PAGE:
July 27th marked the 15th anniversary of the Korean armistice being signed, that having occurred less than ten miles from where I was posted. The U.S. sacrificed 36,914 of its citizens to make this happen. Funny thing: there was a Kim running North Korea at that time, and there was a Kim running North Korea in 1968 and we’ve got Kim Jong Un today. I shake my head in disbelief.

And while I did not relish being in that freezing cold, “hostile fire zone”, I still considered myself blessed that I had escaped the heat and humidity—and death–of the jungles in Vietnam. Very unfortunately for our country, 58,220 gave their all. Tens of thousands of American families paid a dear, dear price. Some research I did as to the fate of the guys in my basic training company (in the summer of the previous year) showed that about 5% of them have their names inscribed on The Wall. As I said, I was blessed!

1968 would have been my first year ever to vote, but I don’t recall it, for some reason. Troops today still suffer from a disconnection of sorts that often prevents their votes from being counted. A shame to be sure. I’m not sure ballots even made it out to us! In November, Richard Nixon was elected President of the United States.

(Wow…thinking about all of this…my little perch feels very tiny–somewhat like a small boat being overwhelmed by waves.)

December, I celebrated my first wedding anniversary and second Christmas away from my new wife. But there was some good stuff too. As mentioned, the crew from the Pueblo was released. Bob Hope, a very famous comedian of that era (and a lot of eras!) brought his USO Show to Seoul, and I joined thousands and thousands of others having a fabulous time—for the day. His troupe included a few absolutely-gorgeous actresses, some good comedy and music.

And he also brought with him Rosey Grier, a pro football star retired a couple of years earlier. My gosh…how the guys loved him! Surprising that he was there, because he had been there with Senator Kennedy, only six months prior, and wrestled the gun away from his assassin, but too late.

December 25th, for the second year in a row, we celebrated as millions of G.I.s have over centuries past: with kids. In our case, we brought in a couple of big trucks loaded with lots of kids. Orphans, actually. It was a big deal to them that they had a good meal, and then played games with the soldiers. For the troops: probably the most meaningful thing we did all year—at least to keep things in perspective.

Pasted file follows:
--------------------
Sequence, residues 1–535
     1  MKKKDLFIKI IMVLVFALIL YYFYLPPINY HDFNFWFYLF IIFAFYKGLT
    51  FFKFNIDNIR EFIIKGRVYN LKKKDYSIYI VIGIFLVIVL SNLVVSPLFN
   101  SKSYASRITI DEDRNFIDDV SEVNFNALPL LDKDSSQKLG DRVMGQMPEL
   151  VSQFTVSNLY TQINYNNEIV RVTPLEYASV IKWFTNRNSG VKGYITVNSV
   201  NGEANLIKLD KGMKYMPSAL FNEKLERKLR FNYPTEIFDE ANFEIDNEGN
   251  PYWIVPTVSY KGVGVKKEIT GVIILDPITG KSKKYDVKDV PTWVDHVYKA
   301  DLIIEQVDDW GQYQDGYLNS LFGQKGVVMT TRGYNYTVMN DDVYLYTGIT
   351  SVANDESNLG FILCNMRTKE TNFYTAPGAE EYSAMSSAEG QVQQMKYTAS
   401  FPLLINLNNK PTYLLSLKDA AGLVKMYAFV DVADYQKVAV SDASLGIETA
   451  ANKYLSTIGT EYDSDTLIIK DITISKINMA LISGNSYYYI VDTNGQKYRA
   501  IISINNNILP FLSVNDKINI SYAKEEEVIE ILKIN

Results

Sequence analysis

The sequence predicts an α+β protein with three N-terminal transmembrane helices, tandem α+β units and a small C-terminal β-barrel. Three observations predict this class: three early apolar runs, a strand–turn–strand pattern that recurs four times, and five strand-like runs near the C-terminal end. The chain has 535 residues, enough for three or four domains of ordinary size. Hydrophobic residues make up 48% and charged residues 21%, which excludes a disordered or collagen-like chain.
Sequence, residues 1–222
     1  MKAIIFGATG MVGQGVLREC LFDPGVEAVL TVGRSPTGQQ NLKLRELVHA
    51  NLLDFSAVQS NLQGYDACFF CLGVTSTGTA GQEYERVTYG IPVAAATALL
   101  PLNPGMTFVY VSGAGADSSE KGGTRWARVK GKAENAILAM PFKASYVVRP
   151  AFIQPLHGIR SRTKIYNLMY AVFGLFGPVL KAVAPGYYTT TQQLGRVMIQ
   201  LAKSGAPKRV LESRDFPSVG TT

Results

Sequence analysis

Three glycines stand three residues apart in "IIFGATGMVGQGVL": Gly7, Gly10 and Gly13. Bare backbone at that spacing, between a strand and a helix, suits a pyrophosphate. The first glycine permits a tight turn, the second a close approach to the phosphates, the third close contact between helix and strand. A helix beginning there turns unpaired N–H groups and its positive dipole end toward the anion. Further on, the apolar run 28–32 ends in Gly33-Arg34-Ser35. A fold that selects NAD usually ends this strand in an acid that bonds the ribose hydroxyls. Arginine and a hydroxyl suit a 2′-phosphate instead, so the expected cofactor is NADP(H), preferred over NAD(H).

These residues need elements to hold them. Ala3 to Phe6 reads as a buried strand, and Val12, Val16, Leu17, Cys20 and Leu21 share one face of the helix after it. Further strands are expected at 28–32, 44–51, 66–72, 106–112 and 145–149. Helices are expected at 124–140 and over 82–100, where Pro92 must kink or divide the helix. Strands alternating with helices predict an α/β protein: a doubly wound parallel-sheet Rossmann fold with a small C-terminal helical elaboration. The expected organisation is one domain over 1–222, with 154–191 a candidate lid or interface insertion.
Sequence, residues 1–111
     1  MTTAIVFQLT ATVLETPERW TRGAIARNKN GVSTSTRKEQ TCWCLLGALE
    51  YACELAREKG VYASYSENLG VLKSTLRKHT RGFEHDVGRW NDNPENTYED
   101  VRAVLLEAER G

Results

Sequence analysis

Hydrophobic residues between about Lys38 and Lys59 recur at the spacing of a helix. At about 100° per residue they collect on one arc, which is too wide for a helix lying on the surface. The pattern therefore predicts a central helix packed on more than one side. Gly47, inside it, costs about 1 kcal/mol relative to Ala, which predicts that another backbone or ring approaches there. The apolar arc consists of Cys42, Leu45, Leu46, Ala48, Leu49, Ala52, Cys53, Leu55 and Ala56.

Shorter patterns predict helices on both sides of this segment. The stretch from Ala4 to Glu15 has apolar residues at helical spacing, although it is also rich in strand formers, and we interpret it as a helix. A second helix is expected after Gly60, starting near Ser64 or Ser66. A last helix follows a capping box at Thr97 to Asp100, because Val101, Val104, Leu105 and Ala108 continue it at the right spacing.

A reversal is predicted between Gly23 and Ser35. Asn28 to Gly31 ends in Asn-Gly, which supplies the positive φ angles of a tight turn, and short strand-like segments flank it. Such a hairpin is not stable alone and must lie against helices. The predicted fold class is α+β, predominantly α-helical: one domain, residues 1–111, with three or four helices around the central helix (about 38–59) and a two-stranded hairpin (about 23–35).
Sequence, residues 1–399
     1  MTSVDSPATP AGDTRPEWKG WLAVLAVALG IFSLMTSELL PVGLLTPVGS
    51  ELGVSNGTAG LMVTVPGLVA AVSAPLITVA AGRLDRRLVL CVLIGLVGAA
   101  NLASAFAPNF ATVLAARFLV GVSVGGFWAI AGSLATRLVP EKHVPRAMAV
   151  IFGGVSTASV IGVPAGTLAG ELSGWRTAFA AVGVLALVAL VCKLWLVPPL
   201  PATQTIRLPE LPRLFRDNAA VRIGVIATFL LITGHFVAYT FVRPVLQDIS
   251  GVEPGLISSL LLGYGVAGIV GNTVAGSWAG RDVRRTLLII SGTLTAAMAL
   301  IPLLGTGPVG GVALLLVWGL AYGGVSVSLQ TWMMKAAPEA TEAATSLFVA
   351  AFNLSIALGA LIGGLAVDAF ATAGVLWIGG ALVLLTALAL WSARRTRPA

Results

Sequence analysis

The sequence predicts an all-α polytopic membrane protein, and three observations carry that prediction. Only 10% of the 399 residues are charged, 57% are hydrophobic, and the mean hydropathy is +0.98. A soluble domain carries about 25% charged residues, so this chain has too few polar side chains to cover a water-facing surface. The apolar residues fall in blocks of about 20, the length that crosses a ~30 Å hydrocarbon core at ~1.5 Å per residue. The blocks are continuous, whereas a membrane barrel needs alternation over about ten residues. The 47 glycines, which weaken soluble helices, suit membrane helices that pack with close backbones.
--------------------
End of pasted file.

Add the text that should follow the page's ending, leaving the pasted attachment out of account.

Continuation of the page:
So…where do the jerks come in? The answer is pretty obvious, but let me say it anyway. Our world has always had jerks among us: evil jerks, violent jerks, disappointing jerks; bullies and dictators–who oppress their people–are most certainly jerks!

But getting away from things historical and political, Coach Steve pointed out six types of them, many of whom can be found among our companies and industries, and sometimes even in our families. Here they are, summarized in a half-dozen “D’s”: Demanding, Deafening, Discontented, Disapproving, Destructive and Demeaning. Don’t be a jerk.

His advice on how to not join this crowd? Refuse to be offended; forgive others immediately; don’t be a gossip; refuse to play their game; don’t be a doormat; always take the high ground. He counsels that, when you take this approach you avoid the jerks, won’t become one yourself, and you’ll travel a road with less traffic. Great coaching for the new year.

Coach Gary’s Corner:

Coach Gary’s Corner: Gary Micheloni is a construction company marketer, speaker, author, consultant…and a coach. Get Coach Gary to speak for your group. And be sure and tell him about your ‘walk across the room’ story!

Copyright 2018 Gary Micheloni